Donald Trump Doesn’t Know What Fake News Is, You Might Not Either
Yesterday's verbal sparring match between Donald Trump and a CNN reporter reminded me that a lot of people have no concept of how news reporting works, especially Donald Trump.
Donald Trump was visibly agitated by CNN reporter Jim Acosta's annoying persistence during yesterday's press conference, when he said, "You are fake news." It was a reactionary statement that we could easily disregard as a "heat of the moment" thing, if he didn't later double down on it via Twitter, as he so often does.
Now let's set aside the fact that Trump was promoting fake news well before, but especially during, his presidential campaign. The only reason we're talking about this is because he's wrong about CNN in this case, as are a lot of his biggest supporters, who have become an echo chamber for even his most ridiculous statements. This is one of them.
The story in question, which understandably has Trump upset, was handled responsibly by CNN. Even if the allegations do turn out to be false -- their story wouldn't even require a retraction. Now, before you start calling me a libtard or a snowflake, let me make something clear -- I'm not writing this from an anti-Trump or pro-CNN viewpoint. I am writing this because I understand how journalism works, and realize that many people, the president-elect included, do not. Look, even Fox News knows what's up.
Do you know why he's right? It's because of a practice called "sourcing." Most times in journalism, reporters have to rely on second-hand information. That's why there are phrases like "according to (person or group)" or "(person or group) says" in every news article. If you cite the source of information properly, there should be no question about what is being reported, and who is saying it. Unfortunately, not everyone gets this concept.
CNN didn't say Trump peed on Russian hookers or whatever the ridiculous report is. They didn't even mention the details of the alleged incident anywhere in their story -- Buzzfeed did that. Here are the major points that their carefully- sourced story stated:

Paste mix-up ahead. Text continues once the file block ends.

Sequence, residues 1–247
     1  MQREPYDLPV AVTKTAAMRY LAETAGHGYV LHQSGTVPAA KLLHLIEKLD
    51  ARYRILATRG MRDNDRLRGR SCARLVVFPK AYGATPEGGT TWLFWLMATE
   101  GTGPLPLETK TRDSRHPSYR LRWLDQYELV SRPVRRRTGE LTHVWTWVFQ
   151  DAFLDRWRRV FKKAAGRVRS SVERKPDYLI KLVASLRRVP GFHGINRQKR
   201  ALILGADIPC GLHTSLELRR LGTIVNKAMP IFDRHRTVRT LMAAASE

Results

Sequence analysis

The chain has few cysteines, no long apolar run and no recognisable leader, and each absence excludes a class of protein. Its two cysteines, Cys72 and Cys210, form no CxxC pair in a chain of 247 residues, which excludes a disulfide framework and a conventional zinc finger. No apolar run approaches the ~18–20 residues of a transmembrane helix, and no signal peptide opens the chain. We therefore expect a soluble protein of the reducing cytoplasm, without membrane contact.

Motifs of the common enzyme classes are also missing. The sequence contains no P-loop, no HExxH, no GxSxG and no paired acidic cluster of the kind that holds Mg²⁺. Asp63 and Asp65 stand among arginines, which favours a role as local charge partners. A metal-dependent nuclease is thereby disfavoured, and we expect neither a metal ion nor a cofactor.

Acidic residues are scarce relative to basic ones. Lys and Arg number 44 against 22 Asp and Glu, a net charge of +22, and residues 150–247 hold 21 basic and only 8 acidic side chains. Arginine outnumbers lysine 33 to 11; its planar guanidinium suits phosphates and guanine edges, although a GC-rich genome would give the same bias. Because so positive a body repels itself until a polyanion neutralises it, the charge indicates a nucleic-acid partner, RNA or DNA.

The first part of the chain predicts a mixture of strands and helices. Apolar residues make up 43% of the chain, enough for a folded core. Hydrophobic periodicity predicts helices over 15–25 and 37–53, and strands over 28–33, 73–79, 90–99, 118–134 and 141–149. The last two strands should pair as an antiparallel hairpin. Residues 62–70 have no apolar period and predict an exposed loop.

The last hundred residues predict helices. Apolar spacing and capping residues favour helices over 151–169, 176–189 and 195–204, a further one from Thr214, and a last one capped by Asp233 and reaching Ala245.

- There are documents detailing the unconfirmed allegations -- True
- The President and President-elect were briefed about this -- Also True
CNN didn't do anything wrong. They verified what they could through trusted sources, which is, perhaps, the most common practice in journalism. There's a huge difference between saying something definitely happened, and saying "person x said a report exists that claims this thing happened." They even wrote "CNN is not reporting on details of the memos, as it has not independently corroborated the specific allegations," for anyone willing to read something longer than a tweet.
I constantly have to explain this to people in comment sections who call me a liar because they think "(Person A) said (Event B) happened" means "Tree Riddle said (Event B) happened." That's not how this works. That's not how any of this works. It's all there in the English language for you, people. Learn what the words mean, both separately and when combined, and I promise the world will become a much less confusing place.
CNN might suck for a number of other reasons, but this instance isn't one of them. They reported the verifiable details of a breaking major news story about our future president. If that's not responsible enough journalism for you, have fun getting all your news from Trump's Twitter feed.